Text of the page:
The film in this case was not a means of concealing something else. In looking at the film through a projector, the agents did no more than view the motion pictures in the manner in which they were intended to be viewed.
The cases relied upon by the majority for reversal compel, in my view, an opposite result. In United States v. Pryba, 163 U.S.App.D.C. 389, 502 F.2d 391, 401 (1974), cert. denied, 419 U.S. 1127, 95 S.Ct. 815, 42 L.Ed.2d 828 (1975), as in this case, the search was initiated by private officials. There, as here, the FBI supplied the projector. To distinguish Pryba because in that case the agents watched rather than operated the projector themselves, or because the airline official had previously "eye viewed" two of the films without a projector, is both unrealistic and unreasonable.
In Gold v. United States, 378 F.2d 588, 590 (9th Cir. 1967), the private employees had looked at some of the film, apparently without a projector. Government agents used a projector when called by the freight carrier. The Ninth Circuit upheld the District Court's refusal to suppress this evidence, holding it to be the fruit of a lawful private search. The fact that an employee in Gold had looked at the film is irrelevant the government agents in both cases had the same degree of participation. The agents did not unwrap any packages or open any boxes.3 The prior examination by the carrier employees in Gold might have provided probable cause to obtain a warrant; it certainly did not alter the fact that the agents simply viewed the films with a projector.4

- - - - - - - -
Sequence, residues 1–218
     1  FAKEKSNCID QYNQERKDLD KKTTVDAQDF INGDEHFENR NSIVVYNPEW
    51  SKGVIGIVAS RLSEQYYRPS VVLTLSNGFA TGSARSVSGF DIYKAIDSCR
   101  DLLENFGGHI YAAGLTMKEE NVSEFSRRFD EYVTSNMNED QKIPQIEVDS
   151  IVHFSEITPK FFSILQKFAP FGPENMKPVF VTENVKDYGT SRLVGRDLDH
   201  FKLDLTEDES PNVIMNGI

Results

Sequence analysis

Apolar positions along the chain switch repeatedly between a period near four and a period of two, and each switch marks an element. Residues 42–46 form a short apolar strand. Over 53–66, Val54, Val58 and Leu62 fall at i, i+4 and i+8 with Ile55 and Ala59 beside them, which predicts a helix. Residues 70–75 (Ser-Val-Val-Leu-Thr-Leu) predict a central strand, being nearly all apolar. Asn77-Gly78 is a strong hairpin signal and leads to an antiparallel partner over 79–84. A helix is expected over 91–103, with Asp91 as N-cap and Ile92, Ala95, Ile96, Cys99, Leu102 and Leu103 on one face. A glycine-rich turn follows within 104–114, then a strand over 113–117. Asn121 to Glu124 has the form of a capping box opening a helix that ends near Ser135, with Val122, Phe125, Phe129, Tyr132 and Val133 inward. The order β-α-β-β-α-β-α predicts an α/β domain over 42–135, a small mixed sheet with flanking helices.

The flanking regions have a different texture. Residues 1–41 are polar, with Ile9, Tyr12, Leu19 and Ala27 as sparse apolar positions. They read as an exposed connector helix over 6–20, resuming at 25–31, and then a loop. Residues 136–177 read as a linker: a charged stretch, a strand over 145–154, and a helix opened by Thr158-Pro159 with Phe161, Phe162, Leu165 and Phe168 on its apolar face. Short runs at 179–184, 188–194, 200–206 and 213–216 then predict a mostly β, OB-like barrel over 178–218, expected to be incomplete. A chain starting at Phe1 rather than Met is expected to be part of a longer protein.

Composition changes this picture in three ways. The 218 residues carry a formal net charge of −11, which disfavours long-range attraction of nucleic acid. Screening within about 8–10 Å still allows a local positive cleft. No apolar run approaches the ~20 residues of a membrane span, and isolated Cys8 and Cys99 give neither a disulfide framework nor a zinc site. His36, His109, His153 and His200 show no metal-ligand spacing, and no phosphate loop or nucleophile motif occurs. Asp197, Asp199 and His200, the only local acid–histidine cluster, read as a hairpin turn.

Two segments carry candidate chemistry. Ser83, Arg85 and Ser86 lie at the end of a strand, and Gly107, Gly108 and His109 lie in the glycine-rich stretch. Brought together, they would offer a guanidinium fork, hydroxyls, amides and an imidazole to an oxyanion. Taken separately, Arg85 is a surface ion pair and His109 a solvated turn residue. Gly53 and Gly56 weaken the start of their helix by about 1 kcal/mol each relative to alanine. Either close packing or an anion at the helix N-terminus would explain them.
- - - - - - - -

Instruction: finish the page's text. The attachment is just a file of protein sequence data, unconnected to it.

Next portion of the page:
The majority attaches crucial importance to the fact that in all of these cases except United States v. Entringer, 532 F.2d 634 (8th Cir.), cert. denied, 429 U.S. 820, 97 S.Ct. 67, 50 L.Ed.2d 81 (1976), the private employee had perused the contents sufficiently to "believe that the material was being illegally transported in interstate commerce." At 772, n.1. I can find no authority, and none has been cited, for such a distinction. If the search by the freight carrier employee was a private search, as the majority concedes it to be, at 771, then the only question to be resolved is whether the conduct of the FBI agents in viewing the film their only participation was a "new or different search." The sense impressions or legal conclusions of the private employee have no place in that determination. The significant fact is that the freight carrier employees "made (the film) available to the officers." United States v. Blanton, 479 F.2d 327, 328 (5th Cir. 1973). See Clayton v. United States, 413 F.2d 297 (9th Cir. 1969), cert. denied, 399 U.S. 911, 90 S.Ct. 2204, 26 L.Ed.2d 565 (1970); Wolf Low v. United States, 391 F.2d 61 (9th Cir.), cert. denied, 393 U.S. 849, 89 S.Ct. 136, 21 L.Ed.2d 119 (1968).5 No question of probable cause to seize is presented here because the films were not seized prior to obtaining a warrant. Thus, the prior knowledge of the private employees has no place in the analysis of the FBI conduct. The films were uncovered by the private employees, not the FBI. For the reasons stated, the use of the projector cannot be characterized as a new search.